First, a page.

• The Road Trip by Beth O'Leary
    Books,  General,  Reviews,  Uncategorized

    The Road Trip by Beth O’Leary (Review)

    Happy publication day to The Road Trip by Beth O’Leary! Thank you to the lovely folks at Berkley Jove for my ARC.   One of my favourite parts of following an author’s career in real time or even discovering an author and making my way through their backlist is seeing how their work changes, grows, develops, the boundaries they push and break and the risks they take that pay off…and those that don’t. I’d put The Road Trip somewhere in the middle of that last scale. What I love about Beth’s work is that she retains her unique sensibilities (charming…

  • Station Eleven by Emily St. John Mandel
    Articles,  Books,  General,  Literary,  Reviews

    Station Eleven by Emily St. John Mandel (Review)

    Imagine a deadly lightning-fast virus that decimates 99% of the world’s population without warning. Imagine surviving such a cataclysmic event and having to adjust to a world nothing like anyone has ever known. Flung back in time, before electricity and planes and antibiotics and the internet. Except, this is nothing like time travel. Not when many of the survivors remember exactly what it was like. Remember everyone they lost. Remember the world before the end of civilisation as we all know it. The story begins dramatically, literally and thematically. In Toronto’s Elgin Theatre, during a performance of King Lear, aging…

  • Lavinia by Ursula Le Guin
    Articles,  Books,  fiction,  General,  Literary,  Reviews

    Lavinia by Ursula Le Guin (Review)

    Lavinia is the only daughter of King Latinus and Queen Amata. The latter, made unstable by the grief of losing two sons, strongly wishes for her to marry her own sister’s boy, King Turnus. But the oracle has prophesised that Lavinia is to marry a foreigner (who ends up being Aeneas, the Trojan prince) soon making his way to their shores, and that their descendants would found a great empire. Thanks to Ursula Le Guin, Lavinia, barely mentioned in Vergil’s Aeneid, can finally tell her story.  “I am not the feminine voice you may have expected. Resentment is not what…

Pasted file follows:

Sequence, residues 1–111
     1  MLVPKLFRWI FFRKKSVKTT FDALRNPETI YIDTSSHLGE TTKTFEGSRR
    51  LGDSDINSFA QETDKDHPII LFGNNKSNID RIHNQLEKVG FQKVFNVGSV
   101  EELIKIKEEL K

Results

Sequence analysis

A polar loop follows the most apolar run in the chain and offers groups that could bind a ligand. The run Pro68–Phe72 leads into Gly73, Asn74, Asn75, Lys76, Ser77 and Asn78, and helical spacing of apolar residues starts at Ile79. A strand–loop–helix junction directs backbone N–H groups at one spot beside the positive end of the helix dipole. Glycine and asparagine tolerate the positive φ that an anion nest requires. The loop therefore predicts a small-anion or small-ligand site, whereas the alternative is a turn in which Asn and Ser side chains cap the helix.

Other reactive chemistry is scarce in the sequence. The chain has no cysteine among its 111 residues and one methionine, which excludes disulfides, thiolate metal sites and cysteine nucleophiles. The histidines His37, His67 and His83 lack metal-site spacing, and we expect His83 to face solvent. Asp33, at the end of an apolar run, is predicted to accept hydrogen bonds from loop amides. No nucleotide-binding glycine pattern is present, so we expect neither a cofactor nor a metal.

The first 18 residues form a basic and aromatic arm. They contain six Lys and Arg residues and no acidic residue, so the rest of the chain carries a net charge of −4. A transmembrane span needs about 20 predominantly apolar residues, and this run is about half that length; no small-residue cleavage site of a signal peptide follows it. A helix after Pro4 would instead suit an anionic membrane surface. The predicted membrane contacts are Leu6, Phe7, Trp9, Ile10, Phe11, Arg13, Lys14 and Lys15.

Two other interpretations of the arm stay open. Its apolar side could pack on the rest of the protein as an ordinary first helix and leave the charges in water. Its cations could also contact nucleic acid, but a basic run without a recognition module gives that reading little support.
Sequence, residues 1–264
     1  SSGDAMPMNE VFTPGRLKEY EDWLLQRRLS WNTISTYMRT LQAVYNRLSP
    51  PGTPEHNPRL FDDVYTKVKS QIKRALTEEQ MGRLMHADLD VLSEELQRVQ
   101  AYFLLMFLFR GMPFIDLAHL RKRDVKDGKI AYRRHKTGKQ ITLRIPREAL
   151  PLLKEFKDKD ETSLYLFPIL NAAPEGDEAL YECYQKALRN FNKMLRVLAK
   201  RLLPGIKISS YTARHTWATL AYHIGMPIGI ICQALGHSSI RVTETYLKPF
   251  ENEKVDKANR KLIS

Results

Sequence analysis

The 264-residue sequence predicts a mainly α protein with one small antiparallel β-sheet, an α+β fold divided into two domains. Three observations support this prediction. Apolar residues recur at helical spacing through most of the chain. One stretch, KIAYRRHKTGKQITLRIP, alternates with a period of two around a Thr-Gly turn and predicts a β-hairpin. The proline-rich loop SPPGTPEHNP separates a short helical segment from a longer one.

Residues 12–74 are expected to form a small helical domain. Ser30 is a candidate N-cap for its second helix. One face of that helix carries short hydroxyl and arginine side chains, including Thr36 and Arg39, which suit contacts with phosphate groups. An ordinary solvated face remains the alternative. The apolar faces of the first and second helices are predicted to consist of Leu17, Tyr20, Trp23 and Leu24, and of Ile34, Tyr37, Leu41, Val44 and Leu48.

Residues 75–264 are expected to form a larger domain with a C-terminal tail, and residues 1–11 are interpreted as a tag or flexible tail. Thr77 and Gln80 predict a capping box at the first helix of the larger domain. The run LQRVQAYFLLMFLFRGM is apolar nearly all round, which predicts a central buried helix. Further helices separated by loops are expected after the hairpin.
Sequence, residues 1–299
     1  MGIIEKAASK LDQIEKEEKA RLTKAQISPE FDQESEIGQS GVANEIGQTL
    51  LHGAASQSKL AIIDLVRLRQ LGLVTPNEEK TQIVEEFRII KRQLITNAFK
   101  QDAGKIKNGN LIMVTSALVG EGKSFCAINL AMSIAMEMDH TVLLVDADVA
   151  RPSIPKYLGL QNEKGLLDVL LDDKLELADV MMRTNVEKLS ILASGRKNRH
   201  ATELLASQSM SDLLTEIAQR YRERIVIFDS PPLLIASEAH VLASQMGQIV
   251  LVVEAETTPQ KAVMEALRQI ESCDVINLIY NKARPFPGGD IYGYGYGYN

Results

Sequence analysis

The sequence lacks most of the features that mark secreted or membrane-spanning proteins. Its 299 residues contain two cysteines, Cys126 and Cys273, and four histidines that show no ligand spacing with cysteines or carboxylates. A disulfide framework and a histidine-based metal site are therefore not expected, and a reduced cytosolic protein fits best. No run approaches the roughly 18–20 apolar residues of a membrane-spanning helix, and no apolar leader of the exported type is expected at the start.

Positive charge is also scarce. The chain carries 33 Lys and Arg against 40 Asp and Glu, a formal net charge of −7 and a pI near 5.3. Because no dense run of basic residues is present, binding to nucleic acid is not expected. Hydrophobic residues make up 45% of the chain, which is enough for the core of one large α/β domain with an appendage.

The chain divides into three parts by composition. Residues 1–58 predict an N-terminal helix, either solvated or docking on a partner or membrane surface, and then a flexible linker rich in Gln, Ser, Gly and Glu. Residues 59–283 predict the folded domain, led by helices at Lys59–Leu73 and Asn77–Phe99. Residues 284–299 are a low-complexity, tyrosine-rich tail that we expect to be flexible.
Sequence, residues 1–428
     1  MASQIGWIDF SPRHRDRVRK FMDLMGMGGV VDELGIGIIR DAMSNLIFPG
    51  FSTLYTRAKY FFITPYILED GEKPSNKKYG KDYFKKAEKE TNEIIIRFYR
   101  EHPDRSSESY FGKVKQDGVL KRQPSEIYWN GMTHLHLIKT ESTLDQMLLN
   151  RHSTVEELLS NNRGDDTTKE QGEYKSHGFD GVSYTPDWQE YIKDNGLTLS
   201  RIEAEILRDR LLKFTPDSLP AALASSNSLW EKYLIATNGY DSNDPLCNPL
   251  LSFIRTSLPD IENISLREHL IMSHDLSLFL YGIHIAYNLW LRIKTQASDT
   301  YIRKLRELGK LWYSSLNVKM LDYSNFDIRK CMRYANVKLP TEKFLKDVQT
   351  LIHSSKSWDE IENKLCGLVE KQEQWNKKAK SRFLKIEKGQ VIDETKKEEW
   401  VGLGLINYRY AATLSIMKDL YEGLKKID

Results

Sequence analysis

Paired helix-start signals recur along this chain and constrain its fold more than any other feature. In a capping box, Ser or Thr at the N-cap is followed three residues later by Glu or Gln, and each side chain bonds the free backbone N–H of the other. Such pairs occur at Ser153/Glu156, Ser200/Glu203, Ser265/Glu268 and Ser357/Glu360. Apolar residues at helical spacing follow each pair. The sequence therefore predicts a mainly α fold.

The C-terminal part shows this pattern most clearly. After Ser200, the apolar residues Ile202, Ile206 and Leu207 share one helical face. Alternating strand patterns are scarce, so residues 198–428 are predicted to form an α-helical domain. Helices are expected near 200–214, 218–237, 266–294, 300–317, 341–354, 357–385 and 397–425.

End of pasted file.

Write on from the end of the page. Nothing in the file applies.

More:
• Articles,  Books,  General,  Literary,  Reviews

    Spinning Silver by Naomi Novik (Review)

    The real story isn’t half as pretty as the one you’ve heard.  So begins Spinning Silver. I had heard many good things about Naomi Novik’s Uprooted for me to put it on my to-read list for this year. But as these things go, I came across this more recent release of hers on the Boston Public Library’s Lucky Day shelves and couldn’t resist picking it up. Strong leading ladies, magic, fairy-tale retellings–what more does one want. The start was slow, but I enjoyed the gradual unfolding and introduction to the character of Miryem, supposedly the main protagonist, as she and her…

  • Articles,  Books,  General,  Literary,  Reviews

    The Little French Bistro by Nina George (Review)

    My experience with this author’s previous book, The Little Paris Bookstore, had been rather patchy. But when I read the synopsis for this, I couldn’t not give it a try, Marianne, an unhappy wife in an oppressive marriage of forty-one years, decides to end it all on a holiday to Paris, only to be saved by a good Samaritan. In the hospital, she comes across a painted tile from Kerdruc, a tiny Breton village in what is routinely known as the end of the world, and feels strangely compelled to go there, even if to end her life in the…

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